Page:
In a couple of days (or maybe sooner) I'll have figured out how the Amazon Associates program works, and then I'll write some stuff about a couple of books I'm involved with, as well as some of the ones I've been reading recently. The links there will connect you with the listings at Amazon, and if you buy from that click-through, I get paid! Doesn't cost you a nickle more, either. I expect to be at least a dimeonaire very shortly. But first I gotta figure out this complicated system. Stay tuned.

It Was 15 Years Ago Today...

Well, yesterday, actually, but I didn't find out until too late. Or, rather, I knew, somewhere in the lizard part of my brain, but it never surfaced. It wasn't until I read the BBC News headline that I remembered: Nov. 9 was the day the Wall opened up.

And so, like everyone else who lives here, I get to tell my true story about the Wall's end. I missed it.

That year, 1989, like the year before, I was in Berlin at the end of October for the Berlin Independence Days music conference, which was held this time in the House of World Cultures, an imposing structure in the Tiergarten (Berlin's Central Park) not ten minutes' walk from the Brandenburg Gate, and, thus, the Wall. And, for the first time, there were attendees from the DDR, most notably from DT64, the rather daring "youth radio station" in East Berlin, and Junge Welt, a newspaper for young people. Even weirder, some of them spoke English, and I remember one of them saying "Next year, we'll have this on our side of town." You're awfully optimistic, I replied. "Not optimistic. Right."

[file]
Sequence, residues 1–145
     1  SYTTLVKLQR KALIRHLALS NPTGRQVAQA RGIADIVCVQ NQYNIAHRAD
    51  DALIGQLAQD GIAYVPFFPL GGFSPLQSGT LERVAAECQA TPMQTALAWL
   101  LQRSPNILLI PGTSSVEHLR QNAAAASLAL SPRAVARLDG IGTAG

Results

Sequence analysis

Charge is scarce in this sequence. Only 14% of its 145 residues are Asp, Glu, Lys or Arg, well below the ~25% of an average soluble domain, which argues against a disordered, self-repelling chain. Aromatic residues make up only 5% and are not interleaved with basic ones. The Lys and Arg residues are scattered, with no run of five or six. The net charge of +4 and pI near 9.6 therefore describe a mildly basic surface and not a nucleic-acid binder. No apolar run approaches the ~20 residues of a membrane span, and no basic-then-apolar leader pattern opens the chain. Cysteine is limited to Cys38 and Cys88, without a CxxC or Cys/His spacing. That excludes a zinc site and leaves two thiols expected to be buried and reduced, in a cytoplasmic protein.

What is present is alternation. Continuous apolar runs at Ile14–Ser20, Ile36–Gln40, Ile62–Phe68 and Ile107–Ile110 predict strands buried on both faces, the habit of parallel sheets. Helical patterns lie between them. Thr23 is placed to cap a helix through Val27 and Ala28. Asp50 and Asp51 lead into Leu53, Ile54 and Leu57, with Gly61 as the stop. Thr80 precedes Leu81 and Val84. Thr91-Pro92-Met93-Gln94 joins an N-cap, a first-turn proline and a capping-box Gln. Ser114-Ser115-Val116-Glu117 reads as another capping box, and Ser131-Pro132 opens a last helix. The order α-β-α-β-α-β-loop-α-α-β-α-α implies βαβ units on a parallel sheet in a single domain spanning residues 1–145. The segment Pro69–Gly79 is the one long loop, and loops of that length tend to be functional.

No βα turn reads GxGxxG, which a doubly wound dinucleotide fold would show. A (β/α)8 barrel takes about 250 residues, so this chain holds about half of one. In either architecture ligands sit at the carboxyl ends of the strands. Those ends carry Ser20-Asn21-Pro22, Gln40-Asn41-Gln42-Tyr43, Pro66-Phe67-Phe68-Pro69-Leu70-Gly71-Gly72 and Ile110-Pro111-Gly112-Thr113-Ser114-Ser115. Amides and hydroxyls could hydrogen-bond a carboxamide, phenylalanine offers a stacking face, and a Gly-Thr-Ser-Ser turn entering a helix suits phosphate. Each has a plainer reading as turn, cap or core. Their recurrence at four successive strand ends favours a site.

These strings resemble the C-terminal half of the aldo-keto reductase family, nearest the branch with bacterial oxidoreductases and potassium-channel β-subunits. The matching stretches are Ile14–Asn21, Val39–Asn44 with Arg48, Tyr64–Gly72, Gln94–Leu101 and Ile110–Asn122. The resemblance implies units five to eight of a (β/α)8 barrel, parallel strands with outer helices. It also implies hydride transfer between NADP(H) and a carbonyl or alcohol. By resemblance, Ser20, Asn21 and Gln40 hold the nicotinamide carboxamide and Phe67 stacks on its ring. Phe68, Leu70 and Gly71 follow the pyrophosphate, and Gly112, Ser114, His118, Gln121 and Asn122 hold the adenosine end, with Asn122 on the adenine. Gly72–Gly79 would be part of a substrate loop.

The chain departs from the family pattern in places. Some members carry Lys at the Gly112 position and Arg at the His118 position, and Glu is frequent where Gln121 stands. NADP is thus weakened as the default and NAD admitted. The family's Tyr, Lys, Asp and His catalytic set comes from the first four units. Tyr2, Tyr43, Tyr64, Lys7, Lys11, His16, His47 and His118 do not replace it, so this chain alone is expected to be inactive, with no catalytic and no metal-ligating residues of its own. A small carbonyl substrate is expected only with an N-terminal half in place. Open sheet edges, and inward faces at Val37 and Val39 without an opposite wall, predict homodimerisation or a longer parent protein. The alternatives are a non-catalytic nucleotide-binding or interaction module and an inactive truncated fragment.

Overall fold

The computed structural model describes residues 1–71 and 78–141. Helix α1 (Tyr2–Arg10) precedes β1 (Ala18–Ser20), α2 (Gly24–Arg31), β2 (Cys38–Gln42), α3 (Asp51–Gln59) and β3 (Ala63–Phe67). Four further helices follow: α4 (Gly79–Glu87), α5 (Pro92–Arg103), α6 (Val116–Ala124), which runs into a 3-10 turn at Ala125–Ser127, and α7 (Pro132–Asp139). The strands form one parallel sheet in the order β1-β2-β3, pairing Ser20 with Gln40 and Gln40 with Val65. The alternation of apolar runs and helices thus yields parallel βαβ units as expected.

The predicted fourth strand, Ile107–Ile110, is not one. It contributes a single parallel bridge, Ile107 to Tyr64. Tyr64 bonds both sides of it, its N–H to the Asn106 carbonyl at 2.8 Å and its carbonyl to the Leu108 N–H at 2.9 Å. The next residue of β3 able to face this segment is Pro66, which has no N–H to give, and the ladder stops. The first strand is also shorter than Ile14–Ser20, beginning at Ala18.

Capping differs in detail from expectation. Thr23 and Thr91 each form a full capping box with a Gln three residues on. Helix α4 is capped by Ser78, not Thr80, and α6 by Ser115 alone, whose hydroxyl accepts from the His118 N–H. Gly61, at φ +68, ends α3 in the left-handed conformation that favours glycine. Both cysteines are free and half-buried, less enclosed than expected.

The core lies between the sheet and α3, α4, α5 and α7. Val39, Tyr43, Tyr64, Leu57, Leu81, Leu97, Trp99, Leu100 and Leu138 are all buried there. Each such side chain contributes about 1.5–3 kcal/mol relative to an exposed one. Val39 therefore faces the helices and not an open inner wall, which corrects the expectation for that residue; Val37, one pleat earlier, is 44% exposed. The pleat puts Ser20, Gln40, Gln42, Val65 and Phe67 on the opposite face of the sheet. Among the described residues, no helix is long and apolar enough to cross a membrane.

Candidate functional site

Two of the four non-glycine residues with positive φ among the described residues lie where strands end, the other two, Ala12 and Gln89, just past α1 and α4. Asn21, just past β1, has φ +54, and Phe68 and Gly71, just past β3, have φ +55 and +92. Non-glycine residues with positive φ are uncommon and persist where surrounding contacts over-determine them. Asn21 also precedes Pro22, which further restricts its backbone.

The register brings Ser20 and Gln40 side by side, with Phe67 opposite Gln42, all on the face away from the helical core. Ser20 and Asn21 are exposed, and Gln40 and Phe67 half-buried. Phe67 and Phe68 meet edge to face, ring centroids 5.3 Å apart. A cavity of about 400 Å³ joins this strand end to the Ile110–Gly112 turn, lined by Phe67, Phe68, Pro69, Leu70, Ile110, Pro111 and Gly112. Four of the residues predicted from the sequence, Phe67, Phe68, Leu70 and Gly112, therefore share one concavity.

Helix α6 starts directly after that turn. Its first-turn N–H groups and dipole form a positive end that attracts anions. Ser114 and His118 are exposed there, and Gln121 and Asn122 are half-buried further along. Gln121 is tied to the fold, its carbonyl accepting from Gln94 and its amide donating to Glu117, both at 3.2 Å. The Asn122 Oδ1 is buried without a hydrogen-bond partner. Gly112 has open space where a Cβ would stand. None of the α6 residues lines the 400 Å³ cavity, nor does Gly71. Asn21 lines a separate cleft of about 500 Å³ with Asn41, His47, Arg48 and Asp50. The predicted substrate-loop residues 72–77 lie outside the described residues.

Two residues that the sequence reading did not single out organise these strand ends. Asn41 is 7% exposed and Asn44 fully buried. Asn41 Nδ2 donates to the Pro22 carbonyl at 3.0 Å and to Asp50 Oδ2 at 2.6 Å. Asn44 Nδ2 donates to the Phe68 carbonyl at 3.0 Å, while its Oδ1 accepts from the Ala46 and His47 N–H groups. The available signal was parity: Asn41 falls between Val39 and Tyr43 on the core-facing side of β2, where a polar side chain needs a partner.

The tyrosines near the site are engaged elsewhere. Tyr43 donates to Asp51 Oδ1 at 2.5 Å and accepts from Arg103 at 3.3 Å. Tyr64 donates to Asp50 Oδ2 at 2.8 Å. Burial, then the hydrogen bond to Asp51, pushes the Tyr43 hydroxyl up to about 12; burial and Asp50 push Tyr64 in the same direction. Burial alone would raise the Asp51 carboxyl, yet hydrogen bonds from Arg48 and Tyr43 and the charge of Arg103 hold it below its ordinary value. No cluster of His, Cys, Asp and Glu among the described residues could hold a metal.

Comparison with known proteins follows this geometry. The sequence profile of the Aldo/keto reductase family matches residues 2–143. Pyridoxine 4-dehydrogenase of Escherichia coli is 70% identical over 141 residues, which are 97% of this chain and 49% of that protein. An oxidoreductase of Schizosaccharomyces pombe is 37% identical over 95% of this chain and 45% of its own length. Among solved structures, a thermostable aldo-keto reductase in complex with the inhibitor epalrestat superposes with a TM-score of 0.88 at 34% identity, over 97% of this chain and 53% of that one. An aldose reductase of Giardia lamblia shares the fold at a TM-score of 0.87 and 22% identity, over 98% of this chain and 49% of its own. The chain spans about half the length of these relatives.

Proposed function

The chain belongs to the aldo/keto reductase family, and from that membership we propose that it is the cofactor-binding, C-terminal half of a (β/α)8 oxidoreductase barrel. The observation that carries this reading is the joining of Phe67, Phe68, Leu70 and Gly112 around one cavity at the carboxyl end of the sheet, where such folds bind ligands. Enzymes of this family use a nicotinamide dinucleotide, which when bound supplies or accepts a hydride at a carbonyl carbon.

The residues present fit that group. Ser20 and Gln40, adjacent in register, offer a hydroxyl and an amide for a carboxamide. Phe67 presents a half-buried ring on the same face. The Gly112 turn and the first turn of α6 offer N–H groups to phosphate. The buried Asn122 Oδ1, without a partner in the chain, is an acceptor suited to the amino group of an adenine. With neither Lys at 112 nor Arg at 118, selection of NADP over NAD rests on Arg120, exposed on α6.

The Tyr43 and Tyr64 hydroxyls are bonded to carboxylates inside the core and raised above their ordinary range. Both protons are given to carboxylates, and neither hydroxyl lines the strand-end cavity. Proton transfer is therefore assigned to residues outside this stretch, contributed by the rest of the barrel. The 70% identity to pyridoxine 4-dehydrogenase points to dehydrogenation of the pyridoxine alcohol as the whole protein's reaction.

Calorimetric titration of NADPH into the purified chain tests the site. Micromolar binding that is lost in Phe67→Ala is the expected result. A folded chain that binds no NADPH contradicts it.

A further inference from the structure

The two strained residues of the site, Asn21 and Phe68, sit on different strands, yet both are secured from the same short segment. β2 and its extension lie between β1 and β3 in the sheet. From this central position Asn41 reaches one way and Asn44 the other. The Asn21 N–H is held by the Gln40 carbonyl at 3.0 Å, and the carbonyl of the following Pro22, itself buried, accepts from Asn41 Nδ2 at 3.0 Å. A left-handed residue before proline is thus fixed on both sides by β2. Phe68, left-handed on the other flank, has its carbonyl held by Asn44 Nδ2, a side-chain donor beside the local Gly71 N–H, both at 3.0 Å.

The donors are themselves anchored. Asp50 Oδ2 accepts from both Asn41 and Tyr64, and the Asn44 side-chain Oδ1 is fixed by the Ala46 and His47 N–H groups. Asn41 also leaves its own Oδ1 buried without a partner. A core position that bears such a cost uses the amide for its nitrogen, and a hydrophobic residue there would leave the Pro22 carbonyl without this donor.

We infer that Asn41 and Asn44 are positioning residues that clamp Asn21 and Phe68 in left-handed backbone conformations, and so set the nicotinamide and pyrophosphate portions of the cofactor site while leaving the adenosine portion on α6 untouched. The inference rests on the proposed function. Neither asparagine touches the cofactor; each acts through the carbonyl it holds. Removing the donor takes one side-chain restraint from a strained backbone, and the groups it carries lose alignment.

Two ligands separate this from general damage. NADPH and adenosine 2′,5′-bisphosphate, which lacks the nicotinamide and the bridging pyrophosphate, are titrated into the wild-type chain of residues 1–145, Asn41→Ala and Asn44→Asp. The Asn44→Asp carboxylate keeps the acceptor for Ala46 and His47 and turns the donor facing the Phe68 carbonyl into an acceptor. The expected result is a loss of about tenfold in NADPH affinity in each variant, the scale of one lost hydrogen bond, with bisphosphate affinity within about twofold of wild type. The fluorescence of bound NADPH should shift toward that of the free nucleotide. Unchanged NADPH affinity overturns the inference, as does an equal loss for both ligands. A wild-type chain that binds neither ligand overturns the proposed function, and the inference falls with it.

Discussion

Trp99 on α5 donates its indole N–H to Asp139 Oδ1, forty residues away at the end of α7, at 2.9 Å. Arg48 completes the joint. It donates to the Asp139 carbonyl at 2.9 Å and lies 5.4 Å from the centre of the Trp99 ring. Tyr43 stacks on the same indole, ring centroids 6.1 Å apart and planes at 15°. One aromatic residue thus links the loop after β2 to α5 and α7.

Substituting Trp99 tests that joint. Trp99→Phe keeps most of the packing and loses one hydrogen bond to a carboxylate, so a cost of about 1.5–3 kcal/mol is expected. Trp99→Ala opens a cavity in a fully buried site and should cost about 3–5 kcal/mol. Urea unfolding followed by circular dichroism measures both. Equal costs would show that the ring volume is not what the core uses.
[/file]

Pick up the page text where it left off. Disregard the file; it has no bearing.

Wrong. We had it in the same place the next year, and it wasn't until the next year that it was held in the House of Soviet Science and Culture on Friedrichstr.

But I was aware, vaguely, of reports from Dresden and Leipzig that said that there were huge protests in the wake of Gorbachev's visit. I ignored them; the Communists were good at crushing this sort of thing, and anyway, things had liberalized a little recently, and that was shocking enough in and of itself.

One thing I was going to do was to stay in Berlin afterwards to celebrate my birthday on Nov. 2 and try to figure out what was going on with my supposed girlfriend. A party was arranged at the Pinguin, at that time all my friends' bar of choice, and the back room was set aside for it. It was, as I remember (and I don't remember much, thanks), a very successful party, with indoor fireworks at one point in the evening, a great chocolate cake that tasted wonderful despite an odd shape, higher on one side than on the other, and all my oddball friends (who, come to think of it, rarely needed an excuse to go to the Pinguin). I can't even remember if my girlfriend was there. Probably not.

I'm also not sure how I spent the next few days, although I know I didn't jump right on a plane. But early on the morning of the 8th, I took a cab up to Tegel and started the trip back to Austin.

Now back in those days, West Berlin was an island surrounded by the DDR. This meant a number of things in terms of getting there. For one thing, the city wasn't part of Germany: it was a city jointly administered by four occupying powers, the U.S., Britain, France, and Russia. Thus, West German things -- like mail from your draft board, which was delivered by a separate postal system owned by the army -- weren't allowed in. That meant that all those handy flights on Lufthansa from the States had to land elsewhere, so you'd fly to Frankfurt and then change to a U.S. or British carrier for the short flight to Berlin.

It was also the same way leaving, so I got on my plane, flew to Frankfurt and...found that my connection to Dallas, which was coming in from Bucharest, was nine hours late due to an equipment malfunction. There was nothing to do but wait. It was cold, so the idea of going into Frankfurt and looking around didn't appeal (there's virtually nothing there anyway), and I exhausted the airport's diversions in almost no time. There was a dimly-lit long-stay lounge for people with similar problems, and I remember a Nigerian guy collapsing in a heap into one of the chairs and opening his briefcase, from which a large and very healthy cockroach sprung and headed off to explore Germany. I read and read and was soon out of stuff to read. Nine hours passes slowly enough in a plane, but time almost seemed to have stopped at the Frankfurt airport.